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Legal Information: Puerto Rico


Laws current as of November 25, 2023

What happens when joint custody is issued but one parent refuses to work together with the other parent?

When joint custody is issued but one parent refuses to accept the judge’s order and acts in a way that interferes with the other parent’s relationship with the child, there can be serious consequences. If one parent is accused of this sort of “parental alienation,” the judge can order an evaluation by Family Services or a licensed professional who will evaluate all parties and prepare a report for the judge. If the judge finds evidence that one parent did, in fact, commit “parental alienation,” the judge can take custody away from that parent or make other requirements that must be followed, such as attending therapy. In addition, if the judge believes that the parent’s actions have caused emotional or psychological damage to the children, the judge can order the parent to pay for therapy for the child.1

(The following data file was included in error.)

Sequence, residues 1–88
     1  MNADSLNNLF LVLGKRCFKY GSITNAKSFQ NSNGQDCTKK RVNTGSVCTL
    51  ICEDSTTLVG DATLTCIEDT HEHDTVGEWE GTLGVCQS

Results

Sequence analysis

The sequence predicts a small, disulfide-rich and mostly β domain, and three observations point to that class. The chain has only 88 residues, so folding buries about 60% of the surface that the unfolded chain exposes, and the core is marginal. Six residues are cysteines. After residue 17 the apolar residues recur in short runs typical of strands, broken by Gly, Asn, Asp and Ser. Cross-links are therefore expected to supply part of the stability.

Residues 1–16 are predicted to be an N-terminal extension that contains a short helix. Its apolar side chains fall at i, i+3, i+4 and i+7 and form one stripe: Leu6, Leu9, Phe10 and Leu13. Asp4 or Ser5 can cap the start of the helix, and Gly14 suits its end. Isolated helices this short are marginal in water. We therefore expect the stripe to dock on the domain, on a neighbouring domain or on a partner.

1 31 L.P.R.A. § 7284